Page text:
Picture a tidy, two-story house on the far eastern fringe of metropolitan Los Angeles, folded inconspicuously into the land of the tiled rooftop and the two-hour commute. At the front window stands an Arab man, 47 years old, with dark, brooding eyes and slumped shoulders. He stares out at the street, watching, waiting.
This is on the morning after Sept. 11, 2001. The man's name is Khader Musa Hamide. A Palestinian, he has lived in the United States for 30 years. He is a coffee bean wholesaler, an Internet day trader and the father of three boys. He is also, as he puts it, a "quote-unquote suspected terrorist."
For many years now, Hamide has fought off attempts by the United States government to deport him for activities related to his visible, vocal advocacy of Palestinian causes. He was arrested in early 1987, along with his Kenyan wife and six other Palestinian immigrants.
They initially appeared destined for rapid deportation to the Middle East. The proceedings stalled on legal challenges, however, and the L.A. 8, as they came to be called, were allowed to carry on with their lives as best they could while they waited for the litigation to run its course. They are waiting still.
On this grim morning, the man at the front window barely resembles the dashing young organizer captured years earlier in FBI surveillance photographs. He attributes his aging more to his troubles than to the passage of time. He has lost his hair. He has lost friends. And he has lost his sense of trust: Behind every new face, he sees a potential FBI undercover agent.
More than anything, though, he has lost his political voice, which, certain government documents suggest, was precisely the point of the investigation in the first place. This is a man who once demonstrated defiantly in front of the Israeli Consulate in Los Angeles, who once exhorted hundreds at a 1986 Glendale fundraiser to reach into their wallets, telling them, "People, the revolution will not continue, and the march to Palestine will not go on, with words alone."
Now he tries to keep his political views to himself. His weekends are filled not with rallies for the revolution, but with suburban errands, ferrying kids to basketball practice in his van. He worries that his neighbors might discover he's a principal in a terrorism case. One man up the block, in fact, did piece it together, and his children haven't come to play since.
"I can see that," Hamide will concede. "If somebody thinks that there is a quote-unquote suspected terrorist living in the neighborhood ...
"Well, you know."
Fretting about neighborhood gossip on this morning, of course, would seem misplaced and maybe moot. Hamide has convinced himself that, given the terrible events of the day before, the FBI will start at once to round up every "Arab that has a brain."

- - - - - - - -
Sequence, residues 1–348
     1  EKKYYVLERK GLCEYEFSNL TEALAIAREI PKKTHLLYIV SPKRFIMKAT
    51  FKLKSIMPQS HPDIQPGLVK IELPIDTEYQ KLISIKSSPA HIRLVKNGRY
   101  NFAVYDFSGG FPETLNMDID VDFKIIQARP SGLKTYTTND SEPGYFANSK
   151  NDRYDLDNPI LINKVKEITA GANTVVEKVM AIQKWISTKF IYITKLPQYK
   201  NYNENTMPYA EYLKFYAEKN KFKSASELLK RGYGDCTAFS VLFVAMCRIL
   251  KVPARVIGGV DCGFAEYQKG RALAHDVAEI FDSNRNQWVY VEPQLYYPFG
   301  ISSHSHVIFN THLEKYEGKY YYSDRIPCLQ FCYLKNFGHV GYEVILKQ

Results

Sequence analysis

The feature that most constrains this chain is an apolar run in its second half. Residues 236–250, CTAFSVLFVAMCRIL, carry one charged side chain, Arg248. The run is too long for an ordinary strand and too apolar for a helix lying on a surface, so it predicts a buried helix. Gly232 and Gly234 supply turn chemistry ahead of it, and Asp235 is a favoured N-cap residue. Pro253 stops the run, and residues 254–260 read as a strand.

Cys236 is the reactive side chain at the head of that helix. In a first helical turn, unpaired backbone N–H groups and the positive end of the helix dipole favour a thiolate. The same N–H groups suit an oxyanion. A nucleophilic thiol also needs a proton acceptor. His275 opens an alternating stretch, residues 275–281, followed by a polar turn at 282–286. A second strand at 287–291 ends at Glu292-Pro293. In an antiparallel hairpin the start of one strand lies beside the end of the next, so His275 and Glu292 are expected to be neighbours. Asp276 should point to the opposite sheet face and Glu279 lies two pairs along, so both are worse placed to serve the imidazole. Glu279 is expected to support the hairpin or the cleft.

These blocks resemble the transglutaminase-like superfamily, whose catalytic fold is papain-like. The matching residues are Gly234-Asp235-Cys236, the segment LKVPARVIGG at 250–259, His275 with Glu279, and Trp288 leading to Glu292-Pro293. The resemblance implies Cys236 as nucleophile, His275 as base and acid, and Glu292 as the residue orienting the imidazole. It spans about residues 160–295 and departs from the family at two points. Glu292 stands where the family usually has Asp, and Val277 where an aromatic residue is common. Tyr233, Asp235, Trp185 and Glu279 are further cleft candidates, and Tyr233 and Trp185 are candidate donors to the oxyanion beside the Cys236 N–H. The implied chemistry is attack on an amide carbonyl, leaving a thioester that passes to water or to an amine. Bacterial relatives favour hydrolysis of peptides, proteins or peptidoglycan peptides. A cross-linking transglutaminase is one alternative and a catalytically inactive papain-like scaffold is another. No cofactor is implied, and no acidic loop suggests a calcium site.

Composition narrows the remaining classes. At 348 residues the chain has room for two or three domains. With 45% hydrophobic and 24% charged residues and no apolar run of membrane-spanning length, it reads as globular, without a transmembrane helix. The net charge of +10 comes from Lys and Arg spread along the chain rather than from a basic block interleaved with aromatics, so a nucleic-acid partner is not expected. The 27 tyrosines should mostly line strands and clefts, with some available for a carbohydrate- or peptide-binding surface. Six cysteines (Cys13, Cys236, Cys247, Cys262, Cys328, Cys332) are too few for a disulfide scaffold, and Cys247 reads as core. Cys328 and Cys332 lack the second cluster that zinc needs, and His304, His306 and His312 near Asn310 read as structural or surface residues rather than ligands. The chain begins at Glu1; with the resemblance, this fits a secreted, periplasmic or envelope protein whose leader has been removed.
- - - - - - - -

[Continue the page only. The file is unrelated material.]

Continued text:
Surely, he reasons, a Palestinian who already has been labeled a tool of terrorism by the United States, who for nearly 15 years has resisted a relentless government campaign to be rid of him, surely he will be among the first swept up. This is why Hamide watches the street. He is waiting, as he will recall years later in an interview, for the sedans with multiple antennae, the agents in their windbreakers. In 1987 they had surprised him at dawn, bursting into his apartment a dozen or so strong, guns drawn. This time he is ready.
"OK," he mutters to himself. "Come and get me. I've got my shoes on. Come and get me."
But the agents do not come, not on this day, not on any day since.
Instead, for Hamide and other members of the L.A. 8, the case simply will stagger along as it has from the start, with more legal filings and cross-filings, more revisions of the charges, more meetings with the lawyers, more paperwork to add to the heaping pile. And also, more time to ponder what they see as the central mystery of their peculiar legal predicament.
"Why? This is the biggest question," Hamide says. "Why us? And why is the government so persistent in this case? We honestly don't understand."
The Los Angeles Herald Examiner announced the arrests with a headline stripped across its front page: "War on Terrorism Hits L.A." When they recall that headline today, 18 years later, members of the eight will make a point of noting that the Herald Examiner no longer exists.
Their case has outlasted the paper -- along with five U.S. attorneys general, the McCarthy-era anti-communism law under which they were originally charged, the Soviet Union, numerous Middle East peace initiatives, Yasser Arafat, the coming and going of numerous "marathon" legal struggles, the Rodney King trial, the O.J. Simpson case, the Clinton impeachment, and their youth.